George Grenville was a British Whig statesman who rose to the position of Prime Minister of Great Britain. Grenville was born into an influential political family and first entered Parliament in 1741 as an MP for Buckingham. He emerged as one of Cobham's Cubs, a group of young members of Parliament associated with Lord Cobham.

Prime Minister of the United Kingdom Head of UK Government

The Prime Minister of the United Kingdom, until 1801 known as the Prime Minister of Great Britain, is the head of government of the United Kingdom. The Prime Minister directs both the executive and the legislature, and together with their Cabinet are collectively accountable for their policies and actions to the Monarch, to Parliament, to their political party and ultimately to the electorate. The office of Prime Minister is one of the Great Offices of State. The current holder of the office, Theresa May, leader of the Conservative Party, was appointed by the Queen on 13 July 2016. May resigned as Conservative Party leader on 7 June 2019, remaining as Prime Minister until the election of a new leader.

On the accession to power of Chatham and Grafton in 1766, Yorke resigned office, and took little part in the debates in parliament during the next four years. In 1770 he was invited by the Duke of Grafton, when Camden was dismissed from the Chancellorship, to take his seat on the woolsack. He had, however, explicitly pledged himself to Rockingham and his party not to take office with Grafton. The King exerted all his personal influence to overcome Yorke's scruples, warning him finally that the Great Seal if now refused would never again be within his grasp. Yorke yielded to the King's entreaty, [3] and he was appointed Lord Chancellor and sworn of the Privy Council on 17 January 1770,. [1] He went to his brother's house, where he met the leaders of the Opposition, and feeling at once overwhelmed with shame, fled to his own house, where three days later he committed suicide (20 January 1770). The patent raising him to the peerage as Baron Morden had been made out, but his last act was to refuse his sanction to the sealing of the document. [3]

George III of the United Kingdom King of Great Britain and Ireland

George III was King of Great Britain and King of Ireland from 25 October 1760 until the union of the two countries on 1 January 1801, after which he was King of the United Kingdom of Great Britain and Ireland until his death in 1820. He was concurrently Duke and prince-elector of Brunswick-Lüneburg ("Hanover") in the Holy Roman Empire before becoming King of Hanover on 12 October 1814. He was the third British monarch of the House of Hanover, but unlike his two predecessors, he was born in Great Britain, spoke English as his first language, and never visited Hanover.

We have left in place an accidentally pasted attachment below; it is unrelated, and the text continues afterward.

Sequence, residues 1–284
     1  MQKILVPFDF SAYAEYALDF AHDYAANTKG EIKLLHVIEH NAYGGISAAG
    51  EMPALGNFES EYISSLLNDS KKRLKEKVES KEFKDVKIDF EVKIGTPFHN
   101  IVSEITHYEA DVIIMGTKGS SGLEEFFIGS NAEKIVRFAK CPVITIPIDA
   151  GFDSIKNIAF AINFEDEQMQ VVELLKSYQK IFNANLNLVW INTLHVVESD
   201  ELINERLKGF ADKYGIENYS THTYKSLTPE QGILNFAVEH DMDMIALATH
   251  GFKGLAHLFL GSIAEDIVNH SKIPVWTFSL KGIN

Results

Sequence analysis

Family

Tyttenhanger House in 1840 Tyttenhanger House, from, A series of picturesque views of seats of the noblemen and gentlemen of Great Britain and Ireland (1840).jpg
Tyttenhanger House in 1840

Charles Yorke was twice married: [3] Firstly, on 19 May 1755 to Katherine Blount Freeman, with one son:

Secondly, on 30 December 1762 to Agneta Johnson, with children:

His wife was heiress to Tyttenhanger House, near St Albans, Hertfordshire.

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References

  1. 1 2 "Privy Council of 17 Jan 1770" (PDF). London Gazette (11010): 1. Retrieved 15 May 2015.
  2. "Yorke, Charles (YRK739C)". A Cambridge Alumni Database. University of Cambridge.
  3. 1 2 3 4 5 6 7 Wikisource-logo.svg One or more of the preceding sentences incorporates text from a publication now in the public domain : Chisholm, Hugh, ed. (1911). "Yorke, Charles"  . Encyclopædia Britannica . 28 (11th ed.). Cambridge University Press. p. 930.
  4. "Fellows details". Royal Society. Retrieved 20 February 2018.

Bibliography

Parliament of Great Britain
Preceded by
Viscount Royston
Member for Reigate
1747–1768
Succeeded by
John Yorke
Preceded by
Edward Finch
Thomas Townshend
Member for Cambridge University
1768–1770
with Thomas Townshend
Succeeded by
Sir William de Grey
Thomas Townshend
Legal offices
Preceded by
Sir Richard Lloyd
Solicitor General
1756–1762
Succeeded by
Sir Fletcher Norton
Preceded by
Sir Charles Pratt
Attorney General
1762–1763
Succeeded by
Sir Fletcher Norton
Preceded by
Sir Fletcher Norton
Attorney General
1765–1766
Succeeded by
Sir William de Grey
Political offices
Preceded by
The Lord Camden
Lord High Chancellor of Great Britain
1770
In commission
Title next held by
The Earl Bathurst